Jason Gotlib Myelofibrosis is a form of blood cancer characterized by poor blood counts, spleen enlargement and other kinds of symptoms like night sweats, fever and muscle or bone pain. According to a trial conducted by scientists at the Stanford University School of Medicine, a drug called ruxolitinib may be advantageous to patients suffering from myelofibrosis.

As part of the investigation, nearly 155 patients affected by the aforesaid disease were instructed to consume ruxolitinib or a placebo two times in a day. The volumes of their spleens were inspected all through the 24-week study period by accessing MRI imaging systems. Subjects were asked to report their symptoms by means of an electronic diary.

According to the results, about 46% of patients consuming ruxolitinib reported improvement in their disease-associated symptoms. This effect seemed to be present in just 5% of those on placebo. However, the drug had some side-effects like anemia. Most of the patients sustained a smaller spleen volume for a minimum of 48 weeks of drug consumption. Notably, their spleens appeared to expand again if they ceased to take the medicine.

“Our clinical experience indicates that ruxolitinib is clearly better at relieving patients’ symptoms and quality of life than anything we could offer them before. A parallel phase-3 randomized trial named COMFORT-2, which was conducted in Europe, demonstrated that ruxolitinib was also superior to the best available therapy in reducing spleen size and disease-related symptoms,” commented Jason Gotlib, MD, MS, associate professor of medicine.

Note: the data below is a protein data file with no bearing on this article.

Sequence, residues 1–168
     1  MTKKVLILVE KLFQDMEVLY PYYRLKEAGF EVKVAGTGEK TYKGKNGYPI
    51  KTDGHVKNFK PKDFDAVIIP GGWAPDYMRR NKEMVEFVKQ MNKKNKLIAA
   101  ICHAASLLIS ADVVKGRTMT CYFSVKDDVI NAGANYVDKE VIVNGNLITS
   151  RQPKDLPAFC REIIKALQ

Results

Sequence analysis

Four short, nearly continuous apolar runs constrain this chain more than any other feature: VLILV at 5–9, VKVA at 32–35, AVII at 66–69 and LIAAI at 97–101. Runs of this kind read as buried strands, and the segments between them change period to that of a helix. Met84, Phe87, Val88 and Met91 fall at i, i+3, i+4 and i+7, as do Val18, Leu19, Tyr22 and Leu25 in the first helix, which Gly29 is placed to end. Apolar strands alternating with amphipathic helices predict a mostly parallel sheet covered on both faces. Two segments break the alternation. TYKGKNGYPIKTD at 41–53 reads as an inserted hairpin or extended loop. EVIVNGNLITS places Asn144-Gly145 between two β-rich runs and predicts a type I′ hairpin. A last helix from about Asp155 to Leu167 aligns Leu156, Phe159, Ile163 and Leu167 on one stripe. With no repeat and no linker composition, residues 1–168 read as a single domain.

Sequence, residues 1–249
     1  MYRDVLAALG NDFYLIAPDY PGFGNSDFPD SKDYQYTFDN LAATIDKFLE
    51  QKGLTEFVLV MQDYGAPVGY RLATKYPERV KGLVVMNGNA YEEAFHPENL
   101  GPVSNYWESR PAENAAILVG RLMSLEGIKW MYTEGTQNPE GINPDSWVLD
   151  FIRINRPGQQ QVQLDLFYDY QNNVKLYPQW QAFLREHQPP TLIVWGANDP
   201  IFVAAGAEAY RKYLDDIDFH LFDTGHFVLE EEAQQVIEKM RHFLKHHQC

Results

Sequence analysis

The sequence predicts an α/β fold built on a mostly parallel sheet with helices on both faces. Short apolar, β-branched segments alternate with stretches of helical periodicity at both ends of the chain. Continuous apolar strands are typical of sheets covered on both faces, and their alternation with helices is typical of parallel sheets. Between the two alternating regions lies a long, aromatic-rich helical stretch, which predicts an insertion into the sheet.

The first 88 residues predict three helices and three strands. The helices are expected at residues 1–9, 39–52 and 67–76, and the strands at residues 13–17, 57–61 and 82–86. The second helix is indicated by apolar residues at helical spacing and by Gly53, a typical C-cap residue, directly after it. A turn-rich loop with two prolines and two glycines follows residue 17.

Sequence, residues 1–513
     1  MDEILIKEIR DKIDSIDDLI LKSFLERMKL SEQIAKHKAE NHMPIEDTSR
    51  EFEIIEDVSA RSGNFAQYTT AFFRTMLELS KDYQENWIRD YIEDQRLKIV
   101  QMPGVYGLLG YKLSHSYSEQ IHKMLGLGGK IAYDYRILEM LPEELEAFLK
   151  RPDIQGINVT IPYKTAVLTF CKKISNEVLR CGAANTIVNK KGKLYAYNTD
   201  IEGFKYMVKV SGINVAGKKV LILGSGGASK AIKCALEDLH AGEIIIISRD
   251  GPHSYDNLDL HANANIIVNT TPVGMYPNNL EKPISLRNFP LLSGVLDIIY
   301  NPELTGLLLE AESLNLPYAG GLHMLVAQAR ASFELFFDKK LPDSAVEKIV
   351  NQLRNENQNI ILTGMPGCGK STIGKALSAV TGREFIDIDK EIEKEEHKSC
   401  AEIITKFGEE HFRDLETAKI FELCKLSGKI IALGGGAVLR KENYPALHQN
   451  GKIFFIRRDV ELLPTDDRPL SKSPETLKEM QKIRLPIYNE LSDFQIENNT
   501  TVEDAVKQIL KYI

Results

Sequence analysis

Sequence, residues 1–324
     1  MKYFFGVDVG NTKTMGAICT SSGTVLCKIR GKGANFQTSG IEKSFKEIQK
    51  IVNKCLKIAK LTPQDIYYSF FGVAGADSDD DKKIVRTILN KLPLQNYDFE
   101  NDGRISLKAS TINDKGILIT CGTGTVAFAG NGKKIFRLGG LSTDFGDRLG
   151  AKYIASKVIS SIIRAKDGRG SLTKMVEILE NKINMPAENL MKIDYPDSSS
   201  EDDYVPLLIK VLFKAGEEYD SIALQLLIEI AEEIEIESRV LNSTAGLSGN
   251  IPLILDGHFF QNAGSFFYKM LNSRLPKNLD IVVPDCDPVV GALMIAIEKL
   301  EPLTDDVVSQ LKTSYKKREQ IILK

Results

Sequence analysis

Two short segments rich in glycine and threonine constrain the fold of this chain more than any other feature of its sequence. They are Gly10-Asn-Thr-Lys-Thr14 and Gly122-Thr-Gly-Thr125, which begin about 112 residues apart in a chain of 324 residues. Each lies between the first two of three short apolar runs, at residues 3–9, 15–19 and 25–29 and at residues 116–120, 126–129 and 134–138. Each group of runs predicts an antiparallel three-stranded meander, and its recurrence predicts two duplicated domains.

After a year of follow-up, the drug was apparently linked to 50% reduction in death rate. This medication approved by FDA is a class of compounds known as JAK2 inhibitors. The JAK2 tyrosine kinase protein is blocked by this medicine, which is otherwise highly active in myelofibrosis patients.

Further evaluations of ruxolitinib are also being carried out by professionals. This study is published in the New England Journal of Medicine.